The monitor also says there is no input signal whilst the unit is running!
Does anyone have an idea to what is wrong here?
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To properly and conclusively test a power supply unit (PSU), it must be tested under various realistic "loads" then analyzed for excessive ripple and other anomalies. This is done by a qualified technician using an oscilloscope or power analyzer - sophisticated (and expensive) electronic test equipment requiring special training to operate, and a basic knowledge of electronics theory to understand the results. Therefore, conclusively testing a power supply is done in properly equipped electronic repair facilities.
Fortunately, there are other options that are almost as good. I keep a FrozenCPU Ultimate PSU Tester in my tool bag when I am "in the field" and don't have a good spare power supply to swap in. While not a certain test, they are better than nothing. The advantage of this model is that it has an LCD readout of the voltage. With an actual voltage readout, you have a better chance of detecting a "failing" PSU, or one barely within specified ATX Form Factor Standard tolerances. Lesser models use LEDs to indicate the voltage is just within some "range". These are less informative, considerably cheaper, but still useful for detecting PSUs that have already "failed". Newegg has several testers to choose from. All these testers contain a "dummy load" to fool the PSU into thinking it is connected to a motherboard, and therefore allows the PSU to power on, if able, without being attached to a motherboard - great for testing fans, but again, it is not a true load or suitable for conclusive testing.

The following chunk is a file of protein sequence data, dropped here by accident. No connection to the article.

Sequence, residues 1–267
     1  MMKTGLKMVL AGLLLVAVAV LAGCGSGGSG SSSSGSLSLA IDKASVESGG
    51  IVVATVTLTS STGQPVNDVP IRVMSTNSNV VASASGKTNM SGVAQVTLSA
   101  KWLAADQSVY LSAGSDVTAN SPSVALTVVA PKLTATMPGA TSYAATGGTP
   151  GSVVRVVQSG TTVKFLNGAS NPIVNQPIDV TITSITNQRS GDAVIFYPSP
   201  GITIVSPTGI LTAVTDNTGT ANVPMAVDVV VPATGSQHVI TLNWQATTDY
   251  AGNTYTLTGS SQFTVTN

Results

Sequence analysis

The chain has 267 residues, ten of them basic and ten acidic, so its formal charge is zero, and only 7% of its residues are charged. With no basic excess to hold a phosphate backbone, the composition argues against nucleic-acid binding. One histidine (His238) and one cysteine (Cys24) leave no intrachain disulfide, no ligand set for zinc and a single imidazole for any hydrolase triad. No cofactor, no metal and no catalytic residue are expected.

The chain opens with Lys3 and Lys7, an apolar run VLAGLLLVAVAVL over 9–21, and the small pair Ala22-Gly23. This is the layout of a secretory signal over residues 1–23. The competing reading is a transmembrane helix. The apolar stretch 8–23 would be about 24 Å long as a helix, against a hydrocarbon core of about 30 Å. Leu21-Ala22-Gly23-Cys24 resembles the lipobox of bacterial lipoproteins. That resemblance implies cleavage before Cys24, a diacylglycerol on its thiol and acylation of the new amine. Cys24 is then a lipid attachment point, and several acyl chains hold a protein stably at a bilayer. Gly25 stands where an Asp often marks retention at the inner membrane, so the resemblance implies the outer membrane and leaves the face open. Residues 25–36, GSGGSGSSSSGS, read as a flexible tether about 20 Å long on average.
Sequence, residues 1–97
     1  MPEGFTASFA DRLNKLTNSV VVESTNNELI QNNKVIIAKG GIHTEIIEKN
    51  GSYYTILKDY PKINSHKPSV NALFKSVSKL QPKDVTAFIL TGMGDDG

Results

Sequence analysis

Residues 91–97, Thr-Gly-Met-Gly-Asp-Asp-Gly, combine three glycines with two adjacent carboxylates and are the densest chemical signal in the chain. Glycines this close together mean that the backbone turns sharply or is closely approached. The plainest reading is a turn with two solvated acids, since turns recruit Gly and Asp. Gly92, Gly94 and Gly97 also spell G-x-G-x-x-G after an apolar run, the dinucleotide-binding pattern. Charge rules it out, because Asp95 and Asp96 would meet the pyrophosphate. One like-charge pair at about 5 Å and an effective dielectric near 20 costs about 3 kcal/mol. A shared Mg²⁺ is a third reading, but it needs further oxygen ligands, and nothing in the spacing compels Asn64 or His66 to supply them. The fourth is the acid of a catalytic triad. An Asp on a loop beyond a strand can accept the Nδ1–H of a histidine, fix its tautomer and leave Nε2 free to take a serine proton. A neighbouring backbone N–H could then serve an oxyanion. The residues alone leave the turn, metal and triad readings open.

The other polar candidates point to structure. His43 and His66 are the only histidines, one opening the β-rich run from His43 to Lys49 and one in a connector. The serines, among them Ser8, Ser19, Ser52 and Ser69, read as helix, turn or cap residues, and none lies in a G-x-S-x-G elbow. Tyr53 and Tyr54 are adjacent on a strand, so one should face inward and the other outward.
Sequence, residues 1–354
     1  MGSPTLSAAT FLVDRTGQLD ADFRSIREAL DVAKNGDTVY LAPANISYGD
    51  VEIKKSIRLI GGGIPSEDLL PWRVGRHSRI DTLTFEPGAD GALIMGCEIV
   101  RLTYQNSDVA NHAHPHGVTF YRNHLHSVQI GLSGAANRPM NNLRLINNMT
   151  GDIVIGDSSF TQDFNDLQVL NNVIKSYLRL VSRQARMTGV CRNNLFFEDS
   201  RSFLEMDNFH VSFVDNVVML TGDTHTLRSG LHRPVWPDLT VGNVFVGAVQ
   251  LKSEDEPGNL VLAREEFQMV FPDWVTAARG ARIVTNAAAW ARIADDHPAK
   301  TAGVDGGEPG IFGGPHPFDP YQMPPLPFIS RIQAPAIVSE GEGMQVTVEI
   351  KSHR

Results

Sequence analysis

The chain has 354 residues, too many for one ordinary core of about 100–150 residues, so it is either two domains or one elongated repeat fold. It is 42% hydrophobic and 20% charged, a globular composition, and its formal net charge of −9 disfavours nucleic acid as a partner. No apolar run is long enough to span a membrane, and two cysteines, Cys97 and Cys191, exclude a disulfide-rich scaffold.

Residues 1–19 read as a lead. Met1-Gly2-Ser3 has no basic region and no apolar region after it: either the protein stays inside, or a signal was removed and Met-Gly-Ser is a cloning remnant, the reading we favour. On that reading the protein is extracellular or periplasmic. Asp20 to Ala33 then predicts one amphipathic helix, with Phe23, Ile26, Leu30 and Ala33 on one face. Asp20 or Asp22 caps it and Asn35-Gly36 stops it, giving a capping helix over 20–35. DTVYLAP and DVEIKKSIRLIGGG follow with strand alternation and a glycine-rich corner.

Note the required voltage tolerance ranges:
NOTE: Disregard the -5VDC reading. It is no longer used.
Use the eXtreme PSU Calculator Lite to determine the minimum and recommended power supply unit (PSU) requirements. Plan ahead and plug in all the hardware you think you might have in 2 or 3 years (extra drives, bigger or 2nd video card, more RAM, etc.). Be sure to read and heed the notes at the bottom of the calculator page. I recommend setting Capacitor Aging to 30% (see my note below), and if you participate in distributive computing projects (e.g. BOINC or Folding@Home) or extreme 3D animated gaming, I recommend setting both TDP and system load to 100%. These steps ensure the supply has adequate head room for stress free (and perhaps quieter) operation, as well as future hardware demands. Research your video card and pay particular attention to the power supply requirements for your card listed on your video card maker's website. If not listed, check a comparable card (same graphics engine and RAM) from a different maker. The key specifications, in order of importance are:
The motherboard has a "front panel I/O header" of about 16 pins. In this header, you connect the HD LED wires, Reset switch wires, the PWR_On LED, perhaps a case speaker (if not on-board), but also, the Power Switch's pair of wires.
What do yo mean by shorting the two pins on the motherboard.. Don't think I have tried this yet..
Ummm, routing data is really the operating system's job. The CPU just crunches numbers, and only when instructed too. It is pretty dumb, otherwise.
The processor only does one thing. It routes data to all the hardware in the computer. It is probably working fine
Most computers make some kind of sound when the BIOS boots up telling you all the hardware is working. After the hardware check the bios looks for the boot ini file(always in a certain place on the HD) to tell the computer what to do next. The boot ini tells it to read the files that starts windows.
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